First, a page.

Stable Heritable Germline Silencing Directs Somatic Silencing at an Endogenous Locus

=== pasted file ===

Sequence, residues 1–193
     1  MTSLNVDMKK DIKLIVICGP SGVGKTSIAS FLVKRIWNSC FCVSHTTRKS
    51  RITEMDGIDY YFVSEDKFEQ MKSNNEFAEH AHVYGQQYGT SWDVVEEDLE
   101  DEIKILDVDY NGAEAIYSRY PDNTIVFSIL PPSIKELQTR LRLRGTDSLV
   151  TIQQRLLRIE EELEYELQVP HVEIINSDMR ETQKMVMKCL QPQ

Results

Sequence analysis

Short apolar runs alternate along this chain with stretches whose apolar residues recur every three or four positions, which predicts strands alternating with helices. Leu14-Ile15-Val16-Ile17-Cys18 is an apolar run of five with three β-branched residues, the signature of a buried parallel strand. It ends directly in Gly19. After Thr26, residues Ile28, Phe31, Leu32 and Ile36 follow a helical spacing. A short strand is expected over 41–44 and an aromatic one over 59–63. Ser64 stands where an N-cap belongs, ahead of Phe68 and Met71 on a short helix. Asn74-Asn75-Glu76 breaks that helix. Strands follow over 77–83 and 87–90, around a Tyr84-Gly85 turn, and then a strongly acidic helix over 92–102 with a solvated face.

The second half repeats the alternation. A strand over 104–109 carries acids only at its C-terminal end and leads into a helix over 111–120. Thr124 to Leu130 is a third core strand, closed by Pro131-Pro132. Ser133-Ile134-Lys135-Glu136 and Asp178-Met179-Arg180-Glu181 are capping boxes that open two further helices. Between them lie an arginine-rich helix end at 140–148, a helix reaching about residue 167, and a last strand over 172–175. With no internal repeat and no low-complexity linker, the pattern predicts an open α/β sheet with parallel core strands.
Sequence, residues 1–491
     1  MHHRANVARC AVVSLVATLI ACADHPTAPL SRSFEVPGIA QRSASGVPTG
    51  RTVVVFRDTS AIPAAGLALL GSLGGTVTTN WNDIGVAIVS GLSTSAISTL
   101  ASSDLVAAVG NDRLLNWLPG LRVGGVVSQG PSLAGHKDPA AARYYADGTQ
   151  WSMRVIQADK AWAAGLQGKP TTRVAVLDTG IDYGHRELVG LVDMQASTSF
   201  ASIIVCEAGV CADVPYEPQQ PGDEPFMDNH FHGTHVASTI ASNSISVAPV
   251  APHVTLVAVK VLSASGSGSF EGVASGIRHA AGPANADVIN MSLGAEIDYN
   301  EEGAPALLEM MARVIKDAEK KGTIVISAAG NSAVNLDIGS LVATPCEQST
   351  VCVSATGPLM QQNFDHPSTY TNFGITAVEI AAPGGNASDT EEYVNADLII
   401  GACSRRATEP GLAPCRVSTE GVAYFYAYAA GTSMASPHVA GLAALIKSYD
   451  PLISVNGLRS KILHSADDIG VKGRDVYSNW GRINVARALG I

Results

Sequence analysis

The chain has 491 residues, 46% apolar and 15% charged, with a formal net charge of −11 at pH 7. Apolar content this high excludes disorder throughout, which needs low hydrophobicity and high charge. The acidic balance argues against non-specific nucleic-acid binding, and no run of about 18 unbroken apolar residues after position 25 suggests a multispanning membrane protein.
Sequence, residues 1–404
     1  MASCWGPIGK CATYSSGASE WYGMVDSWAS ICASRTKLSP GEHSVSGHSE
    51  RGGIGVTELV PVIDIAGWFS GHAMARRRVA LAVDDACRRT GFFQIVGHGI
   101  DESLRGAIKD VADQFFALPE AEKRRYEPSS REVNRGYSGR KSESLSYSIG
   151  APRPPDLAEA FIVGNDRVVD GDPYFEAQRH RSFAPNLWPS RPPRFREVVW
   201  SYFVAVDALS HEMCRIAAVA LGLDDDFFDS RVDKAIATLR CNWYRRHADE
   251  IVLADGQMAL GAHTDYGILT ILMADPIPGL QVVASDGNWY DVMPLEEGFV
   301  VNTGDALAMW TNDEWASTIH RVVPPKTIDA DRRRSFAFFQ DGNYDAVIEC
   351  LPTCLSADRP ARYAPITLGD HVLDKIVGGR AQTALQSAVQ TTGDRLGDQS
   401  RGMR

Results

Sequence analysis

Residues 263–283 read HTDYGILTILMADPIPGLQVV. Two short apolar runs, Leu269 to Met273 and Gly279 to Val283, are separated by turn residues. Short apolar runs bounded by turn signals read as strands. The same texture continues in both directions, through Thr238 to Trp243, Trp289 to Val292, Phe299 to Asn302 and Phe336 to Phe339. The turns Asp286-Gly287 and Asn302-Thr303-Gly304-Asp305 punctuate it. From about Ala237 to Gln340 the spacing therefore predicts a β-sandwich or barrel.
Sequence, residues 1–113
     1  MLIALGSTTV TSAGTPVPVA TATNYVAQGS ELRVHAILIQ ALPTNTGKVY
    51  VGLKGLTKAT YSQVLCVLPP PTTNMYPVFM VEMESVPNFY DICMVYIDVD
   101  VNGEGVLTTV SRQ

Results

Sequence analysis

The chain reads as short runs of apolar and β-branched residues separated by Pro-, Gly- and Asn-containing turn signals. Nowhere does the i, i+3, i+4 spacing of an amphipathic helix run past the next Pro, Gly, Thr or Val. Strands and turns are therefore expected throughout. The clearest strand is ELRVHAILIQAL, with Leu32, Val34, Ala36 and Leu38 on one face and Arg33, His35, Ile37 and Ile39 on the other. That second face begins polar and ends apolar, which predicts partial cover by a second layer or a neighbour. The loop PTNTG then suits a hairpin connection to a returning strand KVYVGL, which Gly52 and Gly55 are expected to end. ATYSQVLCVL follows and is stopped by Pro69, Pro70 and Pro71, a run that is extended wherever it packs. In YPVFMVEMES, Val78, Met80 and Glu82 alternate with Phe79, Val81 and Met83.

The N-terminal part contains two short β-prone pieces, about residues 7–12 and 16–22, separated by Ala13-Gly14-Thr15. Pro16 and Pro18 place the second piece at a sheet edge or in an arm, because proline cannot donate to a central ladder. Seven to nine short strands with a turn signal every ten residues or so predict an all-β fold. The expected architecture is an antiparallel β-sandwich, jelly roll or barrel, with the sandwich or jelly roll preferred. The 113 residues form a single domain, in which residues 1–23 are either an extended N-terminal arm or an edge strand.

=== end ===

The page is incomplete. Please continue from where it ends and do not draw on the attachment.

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AbstractDouble stranded RNA (dsRNA) introduced into C. elegans can move throughout the worm to initiate RNAi-mediated silencing in recipient cells. DsRNA movement, both within a worm and between generations, requires the conserved dsRNA-transporting protein SID-1. I have found that a transgenic multi-copy array of the sid-1 upstream intergenic region (promoter and 5' UTR) silences sid-1 and upstream genes in the germline and soma. This is surprising for two reasons. First, arrays containing multiple copies of promoters have never been shown to stably silence endogenous genes. Second, heritable epigenetic gene silencing has not previously been described in the soma in C. elegans. Once silenced, the sid-1 locus can remain silenced for up to 13 generations in the absence of the array. Reminiscent of paramutation, a silenced sid-1 locus can silence a naive locus introduced by mating in the germline. Surprisingly, transmission of silencing does not require transmission of chromatin. Instead, small interfering RNAs (siRNAs) mediate sid-1 silencing in the germline; worms containing the sid-1 promoter array have a three-fold increase in small RNAs targeting the sid-1 locus. This increase is maintained even in the absence of the array indicating that these small RNAs are likely the transgenerational signal that epigenetically silences sid-1 in the germline. Genetic analysis reveals that efficient initiation of sid-1 silencing partially requires the piRNA-stabilizing Argonaute PRG-1 and that maintenance of sid-1 silencing requires HRDE-1, an Argonaute that stabilizes secondary siRNAs in the germline nuclear RNAi pathway. Further, I identify the specific endogenous piRNA that is required for efficient initiation of silencing. While the germline nuclear RNAi pathway is required for promoter-mediated sid-1 silencing in the germline, the somatic nuclear RNAi pathway is not required for sid-1 silencing in the soma. Instead, I find that multi-generational somatic silencing of sid-1 specifically requires several chromatin modifying enzymes, leading to the intriguing possibility that the mechanisms of transgenerational silencing in the soma and germline are distinct.
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